The Russian poet and regime critic Lev Rubinstein has died at the age of 76 after being hit by a vehicle at a pedestrian crossing in Moscow, as reported by his daughter on social media, according to AFP.
Rubinstein was known as a conceptual poet from the literary avant-garde, who mocked the official Soviet-era doctrines of socialist realism in the 1970s and 1980s.
He was also renowned as an essayist and social activist.
"My father, Lev Rubinstein, died today," writes his daughter Maria in a "LiveJournal" blog, as quoted by Russian media. The 76-year-old was hit on January 8 and was hospitalized in critical condition. The Russian Ministry of Transport states that "the driver who hit him did not slow down as Rubinstein crossed the street. The driver had been involved in 19 traffic violations over 12 months, according to the ministry.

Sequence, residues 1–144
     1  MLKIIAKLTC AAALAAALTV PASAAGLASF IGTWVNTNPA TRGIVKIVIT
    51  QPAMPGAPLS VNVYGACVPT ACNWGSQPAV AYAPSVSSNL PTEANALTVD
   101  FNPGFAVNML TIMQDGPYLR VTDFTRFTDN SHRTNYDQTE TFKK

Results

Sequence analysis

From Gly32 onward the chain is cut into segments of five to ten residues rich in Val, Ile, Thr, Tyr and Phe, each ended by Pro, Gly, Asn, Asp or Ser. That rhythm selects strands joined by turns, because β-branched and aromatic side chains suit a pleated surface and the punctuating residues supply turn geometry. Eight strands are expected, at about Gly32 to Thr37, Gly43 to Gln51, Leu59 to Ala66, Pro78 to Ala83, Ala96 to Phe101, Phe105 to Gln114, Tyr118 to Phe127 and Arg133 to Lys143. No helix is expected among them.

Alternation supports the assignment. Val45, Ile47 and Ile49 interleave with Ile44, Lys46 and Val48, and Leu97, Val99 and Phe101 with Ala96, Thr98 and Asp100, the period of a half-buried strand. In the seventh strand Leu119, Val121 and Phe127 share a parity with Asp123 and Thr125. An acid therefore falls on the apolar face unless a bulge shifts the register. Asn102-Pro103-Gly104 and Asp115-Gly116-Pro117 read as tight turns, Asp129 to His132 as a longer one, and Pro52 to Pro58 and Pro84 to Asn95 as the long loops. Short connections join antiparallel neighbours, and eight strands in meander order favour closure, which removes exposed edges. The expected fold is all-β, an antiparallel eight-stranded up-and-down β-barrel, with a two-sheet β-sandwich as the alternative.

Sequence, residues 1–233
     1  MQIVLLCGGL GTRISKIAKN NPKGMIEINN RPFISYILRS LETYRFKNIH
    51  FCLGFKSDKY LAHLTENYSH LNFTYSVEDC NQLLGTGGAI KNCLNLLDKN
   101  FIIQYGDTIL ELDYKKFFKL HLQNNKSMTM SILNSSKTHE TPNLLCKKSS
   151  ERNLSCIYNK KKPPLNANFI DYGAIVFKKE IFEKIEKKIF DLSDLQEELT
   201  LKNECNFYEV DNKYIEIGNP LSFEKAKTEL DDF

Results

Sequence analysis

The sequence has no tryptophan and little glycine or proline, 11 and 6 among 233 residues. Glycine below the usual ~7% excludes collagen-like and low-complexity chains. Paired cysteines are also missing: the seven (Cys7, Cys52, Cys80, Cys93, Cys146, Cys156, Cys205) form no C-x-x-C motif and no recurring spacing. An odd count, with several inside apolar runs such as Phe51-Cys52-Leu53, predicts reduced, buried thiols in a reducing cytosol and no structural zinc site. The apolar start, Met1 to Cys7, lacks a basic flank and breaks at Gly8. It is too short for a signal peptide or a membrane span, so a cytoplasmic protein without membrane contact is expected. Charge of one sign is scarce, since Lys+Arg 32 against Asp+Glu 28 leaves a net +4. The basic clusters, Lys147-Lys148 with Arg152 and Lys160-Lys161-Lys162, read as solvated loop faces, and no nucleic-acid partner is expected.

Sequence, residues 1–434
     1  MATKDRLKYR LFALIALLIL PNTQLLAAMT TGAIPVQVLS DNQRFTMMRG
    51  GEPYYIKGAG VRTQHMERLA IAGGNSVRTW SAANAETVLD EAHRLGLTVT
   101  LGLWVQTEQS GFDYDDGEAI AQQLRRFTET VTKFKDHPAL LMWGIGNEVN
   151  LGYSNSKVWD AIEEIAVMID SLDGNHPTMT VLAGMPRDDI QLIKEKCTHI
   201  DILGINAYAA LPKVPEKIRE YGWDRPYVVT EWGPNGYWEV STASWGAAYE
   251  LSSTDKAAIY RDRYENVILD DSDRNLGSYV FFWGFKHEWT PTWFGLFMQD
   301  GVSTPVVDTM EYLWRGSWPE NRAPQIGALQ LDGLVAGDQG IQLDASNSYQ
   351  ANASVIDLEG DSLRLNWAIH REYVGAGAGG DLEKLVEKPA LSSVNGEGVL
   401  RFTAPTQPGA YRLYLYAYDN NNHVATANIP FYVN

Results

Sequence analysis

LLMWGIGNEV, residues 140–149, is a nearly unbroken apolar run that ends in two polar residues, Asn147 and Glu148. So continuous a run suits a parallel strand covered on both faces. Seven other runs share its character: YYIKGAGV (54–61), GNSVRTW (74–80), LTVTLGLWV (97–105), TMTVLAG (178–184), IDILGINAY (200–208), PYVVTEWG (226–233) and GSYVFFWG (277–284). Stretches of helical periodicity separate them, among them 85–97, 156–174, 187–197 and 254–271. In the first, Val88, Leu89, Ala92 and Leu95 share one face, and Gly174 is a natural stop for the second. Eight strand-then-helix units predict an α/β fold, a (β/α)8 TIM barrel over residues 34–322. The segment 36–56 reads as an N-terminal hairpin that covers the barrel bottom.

Rubinstein created his own genre at the crossroads between poetry and theater by writing short sentences on perforated cards, which were read aloud on stage.
His work, a mix of absurd comedy and improvisation, was inspired by his previous work as a librarian and bureaucrat in the Soviet era. After the fall of communism, he became a prominent cultural figure, published by major mainstream publishers.
Rubinstein was openly hostile to Vladimir Putin's government and regularly participated in demonstrations against the Kremlin's increasing repression and human rights violations.
Following Putin's order for an invasion of Ukraine, Rubinstein, along with other prominent writers, signed an open letter condemning "a criminal war" and "lies" from the Kremlin.
He also condemned the suppression of LGBT rights.